By AT News Team, September 12, 2013

According to a poll released on September 11, a total of 41 percent of all United States adults, 54 percent of Protestants and 77 percent of Evangelicals believe the world is now living in the "end times" described in the Bible. Barna Research Group, based in Ventura, California, asked a random sample in an omnibus poll, "Do you, personally, believe that the world is currently living in the ‘end times’ as described by prophecies in the Bible, or not?” The response was much different among Catholics with 73 percent saying no, although among Catholics who attend mass regularly 45 percent said yes.
The poll shows a split between ethnic groups on this question. A total of 54 percent of Blacks said yes as did 48 percent of Hispanics, about one out of two in both cases. Whites were at 39 percent, slightly below the national average. The survey also revealed that married adults were more likely to believe we are living in the end times and the same was true with families that had children in the home.
The polling firm used recognized techniques with 1,000 online respondents among a representative sample of adults, ages 18 and older in the United States from July 29 through August 1. The margin of error was plus or minus three percentage points at the 95 percent confidence level. But, it is also true that Barna polls have a reputation among experts in survey research about religion of a consistent conservative, Evangelical tilt. And, this question in an omnibus poll was paid for by the publisher of a new book entitled, The 9/11 Prophecy—Startling Evidence the Endtimes have Begun.
“Even I was surprised by the findings," said James F. Fitzgerald, the author who commissioned the question. "I thought the numbers could possibly be as low as 10 percent for the overall population and maybe 30 percent for Christians in general, or less. I had no way to know before the survey. But the response of the overall population was higher than what I expected from Christians, and the Evangelical’s response was nearly twice what I thought."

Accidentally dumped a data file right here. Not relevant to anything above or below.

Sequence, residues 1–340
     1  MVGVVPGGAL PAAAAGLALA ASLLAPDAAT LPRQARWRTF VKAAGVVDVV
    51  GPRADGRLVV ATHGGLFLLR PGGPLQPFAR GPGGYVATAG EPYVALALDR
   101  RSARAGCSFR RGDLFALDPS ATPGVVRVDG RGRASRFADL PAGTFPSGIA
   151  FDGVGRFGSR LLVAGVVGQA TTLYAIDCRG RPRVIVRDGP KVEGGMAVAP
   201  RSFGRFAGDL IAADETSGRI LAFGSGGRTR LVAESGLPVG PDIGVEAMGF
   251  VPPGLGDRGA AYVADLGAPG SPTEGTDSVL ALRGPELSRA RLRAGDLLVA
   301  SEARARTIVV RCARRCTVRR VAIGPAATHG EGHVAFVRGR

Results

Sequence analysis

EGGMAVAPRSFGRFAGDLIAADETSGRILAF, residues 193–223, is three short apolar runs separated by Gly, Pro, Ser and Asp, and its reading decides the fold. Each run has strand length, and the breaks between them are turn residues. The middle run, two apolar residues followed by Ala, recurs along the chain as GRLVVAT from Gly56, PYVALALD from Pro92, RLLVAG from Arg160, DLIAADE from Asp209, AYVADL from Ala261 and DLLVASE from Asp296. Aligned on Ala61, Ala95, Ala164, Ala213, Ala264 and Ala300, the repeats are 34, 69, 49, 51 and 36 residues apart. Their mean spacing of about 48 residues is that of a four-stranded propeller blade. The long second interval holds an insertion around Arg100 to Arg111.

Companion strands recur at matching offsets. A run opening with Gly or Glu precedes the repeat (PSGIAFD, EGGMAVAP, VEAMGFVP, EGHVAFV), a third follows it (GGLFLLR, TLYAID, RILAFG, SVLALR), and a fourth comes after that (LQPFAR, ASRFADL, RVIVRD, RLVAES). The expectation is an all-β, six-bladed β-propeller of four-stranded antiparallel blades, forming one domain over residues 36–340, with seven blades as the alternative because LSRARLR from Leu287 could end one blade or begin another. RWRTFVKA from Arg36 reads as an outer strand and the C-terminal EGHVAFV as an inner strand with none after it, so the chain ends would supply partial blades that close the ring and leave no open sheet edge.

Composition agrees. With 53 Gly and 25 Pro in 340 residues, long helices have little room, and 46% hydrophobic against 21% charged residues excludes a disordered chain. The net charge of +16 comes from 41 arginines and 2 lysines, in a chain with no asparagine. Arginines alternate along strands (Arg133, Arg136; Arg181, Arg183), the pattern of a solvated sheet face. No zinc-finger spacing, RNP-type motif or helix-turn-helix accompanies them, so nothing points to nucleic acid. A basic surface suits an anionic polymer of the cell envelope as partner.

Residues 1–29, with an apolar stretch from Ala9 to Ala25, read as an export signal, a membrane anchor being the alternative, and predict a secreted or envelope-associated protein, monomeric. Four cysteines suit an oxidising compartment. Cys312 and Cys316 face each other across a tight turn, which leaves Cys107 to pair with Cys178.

Fitzgerald has been working since 1993 to produce a video edition of the New Testament. It is called the WatchWord version and published on 10 DVDs totaling 26 hours of viewing time. To date he has sold 700,000 copies, according to a news release from the Religion New Services (RNS).
"I am not surprised," a veteran Seventh-day Adventist evangelist told Adventist Today. "There has been a recent increase in the number of people who have some interest in the Book of Revelation and the end times. Historically, we have always seen an increase when there are economic problems or international tensions and the potential for war. But, an interest in this topic does not always translate into people getting serious about joining a church and making a contribution to the mission of the church. It does not necessarily make evangelism any easier."
A 2009 survey of members of the Seventh-day Adventist Church in North America indicated that 23 percent had volunteered in some way to help conduct a Revelation Seminar in the last year. The survey was conducted by the Institute of Church Ministry at Andrews University for the Office of Information and Research at the denomination's North American Division.
"This is a confusing and upsetting time for people of faith," commented Monte Sahlin, an Adventist who monitors trends in American religion as part of the multi-faith Congregational Studies Partnership based at Hartford Seminary. "As America becomes more pluralistic, its tradition of tolerance and liberty puts more and more people into the position of choosing between deeply-held values. On the one hand there are people saying and doing things that are abhorrent to one's faith and on the other hand we are supposed to allow this without responding with anger or vehemence because we are all Americans. Also, contemporary political and technological change create new issues that are more difficult to understand in terms of religious traditions. It all adds up to a feeling that the world is coming to an end in one way or another."